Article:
SYC Tech Bridge Grants: Impact Stories

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Sept. 3, 2020 - In June the Colorado State Youth Council (SYC) awarded six organizations with Tech Bridge grants to address the growing technology divide that hinders Colorado youth from accessing career and education opportunities. Since receiving funding, the various organizations have helped increase access to technology for youth across the state through a variety of innovative projects. 

Learn more about the projects and check out the impact stories below from grant recipients:

Workforce Boulder County
Workforce Boulder County Tech Bridge Grant

I want to start this with thanking you again for nominating me to receive an iPad! I am on my way to get my GED partly because you have been encouraging me and this was just the icing on the cake! So THANK YOU! I know that you will be sharing this with those associated with the grant that gifted me this I want to THANK them as well because this has been such a blessing! 

Before I received the iPad I was using an Amazon tablet with a cracked screen but still safe to use. The screen on that tablet was much smaller and didn’t help to motivate me to pursue my GED. Of course I was thankful that I at least had that. We couldn’t even think of affording an iPad so when I was told that I would be receiving an iPad to keep, I could hardly believe it. Another thing that I want to mention is that I received this iPad a little bit before my birthday, so it was an AMAZING early birthday present too!

So how has the iPad helped me in pursuing my GED? It has helped me in these ways:

  • Bigger screen makes it easier to use.
  • The cover acts as a stand so I can see the screen better.
  • Easier to check my email.
  • Makes me more motivated and excited to take time out for schooling.

On August 27 I am scheduled to take my first GED exam (language arts). I took the pretest first on the iPad and I know that it helped me to take the test! THANK YOU TO EVERYONE who played a part in gifting me this wonderful iPad!

Story submitted by Caramia, youth recipient of grant-funded technology from Workforce Boulder County

Groundwork Denver

Our Groundwork Denver Youth Program would like to first extend gratitude to the Colorado State Youth Council for the Tech Bridge grant funds awarded to us. These funds helped us to increase access to technological tools for our Green Team youth supervisors and our Green Team youth overall.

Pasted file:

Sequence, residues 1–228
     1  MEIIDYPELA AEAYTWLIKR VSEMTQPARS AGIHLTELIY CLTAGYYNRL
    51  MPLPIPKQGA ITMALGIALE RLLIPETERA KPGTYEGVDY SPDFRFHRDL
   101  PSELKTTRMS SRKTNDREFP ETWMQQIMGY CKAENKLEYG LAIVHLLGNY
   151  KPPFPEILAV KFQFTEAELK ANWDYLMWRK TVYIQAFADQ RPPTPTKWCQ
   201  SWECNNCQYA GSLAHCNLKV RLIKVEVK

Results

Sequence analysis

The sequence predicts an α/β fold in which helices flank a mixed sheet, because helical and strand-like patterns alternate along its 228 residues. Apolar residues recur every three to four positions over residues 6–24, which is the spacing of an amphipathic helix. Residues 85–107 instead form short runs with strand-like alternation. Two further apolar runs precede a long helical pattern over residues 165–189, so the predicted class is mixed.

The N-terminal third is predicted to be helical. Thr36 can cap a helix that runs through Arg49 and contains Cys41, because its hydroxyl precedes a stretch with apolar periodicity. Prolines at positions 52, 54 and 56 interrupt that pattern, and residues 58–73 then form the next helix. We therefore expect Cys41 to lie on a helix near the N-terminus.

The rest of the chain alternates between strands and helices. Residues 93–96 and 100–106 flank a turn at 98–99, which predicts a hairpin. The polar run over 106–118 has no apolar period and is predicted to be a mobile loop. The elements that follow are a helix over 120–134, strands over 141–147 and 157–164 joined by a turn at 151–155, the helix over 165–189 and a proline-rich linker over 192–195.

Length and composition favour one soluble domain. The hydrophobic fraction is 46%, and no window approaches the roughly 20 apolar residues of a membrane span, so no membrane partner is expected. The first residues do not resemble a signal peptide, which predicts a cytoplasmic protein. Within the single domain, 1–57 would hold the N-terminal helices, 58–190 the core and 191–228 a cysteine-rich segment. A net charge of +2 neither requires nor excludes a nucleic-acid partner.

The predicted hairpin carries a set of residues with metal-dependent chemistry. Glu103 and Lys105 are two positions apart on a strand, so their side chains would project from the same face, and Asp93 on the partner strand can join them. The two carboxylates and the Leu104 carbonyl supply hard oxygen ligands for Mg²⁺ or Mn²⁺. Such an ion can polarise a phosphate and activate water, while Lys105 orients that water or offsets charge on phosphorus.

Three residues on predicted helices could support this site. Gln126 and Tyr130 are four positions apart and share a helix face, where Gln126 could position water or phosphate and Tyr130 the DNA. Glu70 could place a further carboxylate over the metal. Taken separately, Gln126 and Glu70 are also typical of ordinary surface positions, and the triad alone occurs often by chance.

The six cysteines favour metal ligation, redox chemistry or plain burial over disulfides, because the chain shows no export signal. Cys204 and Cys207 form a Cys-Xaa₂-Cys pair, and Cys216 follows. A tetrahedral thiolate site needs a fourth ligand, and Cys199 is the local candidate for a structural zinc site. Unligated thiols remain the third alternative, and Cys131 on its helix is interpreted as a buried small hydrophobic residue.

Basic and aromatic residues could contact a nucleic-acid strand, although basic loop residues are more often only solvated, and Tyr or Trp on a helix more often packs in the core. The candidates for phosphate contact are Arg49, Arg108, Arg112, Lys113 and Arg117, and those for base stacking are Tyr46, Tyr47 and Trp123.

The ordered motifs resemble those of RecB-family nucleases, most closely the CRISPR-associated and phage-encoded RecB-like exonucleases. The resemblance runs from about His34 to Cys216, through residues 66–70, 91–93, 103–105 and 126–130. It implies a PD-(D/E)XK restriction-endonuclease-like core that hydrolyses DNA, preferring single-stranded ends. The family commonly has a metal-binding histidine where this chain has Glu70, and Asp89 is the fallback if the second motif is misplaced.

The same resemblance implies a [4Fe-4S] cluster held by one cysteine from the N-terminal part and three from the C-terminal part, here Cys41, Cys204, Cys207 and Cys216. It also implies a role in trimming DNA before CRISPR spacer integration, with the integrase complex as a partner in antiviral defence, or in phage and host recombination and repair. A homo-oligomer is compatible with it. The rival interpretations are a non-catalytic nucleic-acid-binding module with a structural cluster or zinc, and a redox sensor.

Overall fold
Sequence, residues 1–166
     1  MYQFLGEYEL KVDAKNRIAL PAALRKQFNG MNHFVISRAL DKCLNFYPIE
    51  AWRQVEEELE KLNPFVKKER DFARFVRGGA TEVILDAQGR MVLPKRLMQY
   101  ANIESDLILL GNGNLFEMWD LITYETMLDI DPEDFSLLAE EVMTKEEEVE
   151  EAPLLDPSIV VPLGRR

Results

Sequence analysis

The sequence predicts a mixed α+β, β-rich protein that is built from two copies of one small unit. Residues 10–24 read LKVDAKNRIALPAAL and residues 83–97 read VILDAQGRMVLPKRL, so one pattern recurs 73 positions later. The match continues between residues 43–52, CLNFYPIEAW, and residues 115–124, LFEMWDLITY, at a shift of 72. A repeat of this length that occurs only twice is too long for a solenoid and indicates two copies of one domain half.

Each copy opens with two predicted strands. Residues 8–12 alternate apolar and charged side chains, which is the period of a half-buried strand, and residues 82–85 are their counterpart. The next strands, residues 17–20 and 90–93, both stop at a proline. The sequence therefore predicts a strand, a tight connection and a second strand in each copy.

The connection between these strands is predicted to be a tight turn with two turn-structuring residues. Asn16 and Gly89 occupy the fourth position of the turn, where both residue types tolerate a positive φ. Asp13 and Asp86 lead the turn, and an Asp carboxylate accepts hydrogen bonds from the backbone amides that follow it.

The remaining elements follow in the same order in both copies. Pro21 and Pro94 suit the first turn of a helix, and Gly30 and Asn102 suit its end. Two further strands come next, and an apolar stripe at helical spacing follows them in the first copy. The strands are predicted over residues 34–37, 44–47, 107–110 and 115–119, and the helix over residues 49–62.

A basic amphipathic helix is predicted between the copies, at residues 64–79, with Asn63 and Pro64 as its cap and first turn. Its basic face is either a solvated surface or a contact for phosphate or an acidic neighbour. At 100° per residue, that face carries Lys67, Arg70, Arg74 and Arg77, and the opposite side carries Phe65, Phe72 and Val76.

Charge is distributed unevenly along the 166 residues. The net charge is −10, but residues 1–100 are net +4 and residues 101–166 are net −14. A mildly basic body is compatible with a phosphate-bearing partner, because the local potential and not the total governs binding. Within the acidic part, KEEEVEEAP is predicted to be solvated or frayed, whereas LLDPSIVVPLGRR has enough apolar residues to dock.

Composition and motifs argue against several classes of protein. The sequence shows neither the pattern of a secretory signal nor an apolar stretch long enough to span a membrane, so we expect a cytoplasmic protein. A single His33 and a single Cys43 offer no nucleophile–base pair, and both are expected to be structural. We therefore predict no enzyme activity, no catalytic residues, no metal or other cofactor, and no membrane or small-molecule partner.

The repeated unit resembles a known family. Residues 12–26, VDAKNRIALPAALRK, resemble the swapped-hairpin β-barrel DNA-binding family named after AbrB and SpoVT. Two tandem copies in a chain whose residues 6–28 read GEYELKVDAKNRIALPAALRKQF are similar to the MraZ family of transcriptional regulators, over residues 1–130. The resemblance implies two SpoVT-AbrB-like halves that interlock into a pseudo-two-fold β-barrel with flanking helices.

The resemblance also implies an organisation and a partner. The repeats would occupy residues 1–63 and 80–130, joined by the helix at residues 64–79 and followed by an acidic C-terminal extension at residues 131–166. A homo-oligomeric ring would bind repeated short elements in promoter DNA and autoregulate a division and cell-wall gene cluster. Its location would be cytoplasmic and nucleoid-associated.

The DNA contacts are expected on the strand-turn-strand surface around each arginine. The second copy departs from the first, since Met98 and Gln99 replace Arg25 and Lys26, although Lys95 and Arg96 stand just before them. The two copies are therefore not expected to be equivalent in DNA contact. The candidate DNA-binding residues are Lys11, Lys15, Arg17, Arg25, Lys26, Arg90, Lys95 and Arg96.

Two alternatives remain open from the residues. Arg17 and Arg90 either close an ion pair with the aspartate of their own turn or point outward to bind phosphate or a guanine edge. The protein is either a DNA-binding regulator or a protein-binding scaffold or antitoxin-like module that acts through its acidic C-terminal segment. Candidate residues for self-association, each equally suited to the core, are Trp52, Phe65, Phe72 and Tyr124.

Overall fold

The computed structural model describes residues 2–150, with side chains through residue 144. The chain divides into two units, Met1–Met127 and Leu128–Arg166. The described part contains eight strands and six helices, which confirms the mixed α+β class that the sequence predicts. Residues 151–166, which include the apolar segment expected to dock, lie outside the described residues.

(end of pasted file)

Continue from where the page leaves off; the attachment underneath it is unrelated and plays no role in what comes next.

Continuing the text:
With our Tech Bridge grant, we were able to purchase two additional iPads. This ensured each of our seven youth supervisors had a tablet to keep track of summer team projects, utilize environmentally focused educational apps while in the field, and stay on top of emails with no office access this season due to COVID-19. These tablets also allow our youth teams to keep photos and videos of their work in one saved location, as opposed to relying on various personal phones, and an enhanced opportunity for creativity.

These funds also gave Groundwork the opportunity to purchase three additional hot spots and Wi-Fi data. These hot spots are increasing access to Wi-Fi for our 68 youth employees and will continue to be utilized throughout the school year in the face of library closures due to COVID-19. 

As an organization, because of COVID-19, we have been processing hiring paperwork entirely electronically. This remote Wi-Fi will improve this process for families that do not have internet access at home. These hot spots will also be utilized by one of our youth teams for a Fall work project at an out-of-state National Wildlife Refuge. This will ensure more
efficient tracking of project progress and more accurate time logs for our end-of-season reporting.

We are grateful for this technological support at a time of great need. Your contribution allowed us to take advantage of our summer with our youth, rather than feel depleted by our current challenges.

Story submitted by Cindy Chang, Executive Director, Groundwork

Silver Lining House

Kristi has been a resident at Silver Lining House, Providence Network’s transitional housing program for homeless young adults in Denver, for a little over one year. Like many of our residents, Kristi has been chronically homeless, living on the streets without support or accountability, since exiting the foster care system. Many of these self-described “street kids” also struggle with substance abuse and mental illness or have spent time in juvenile justice.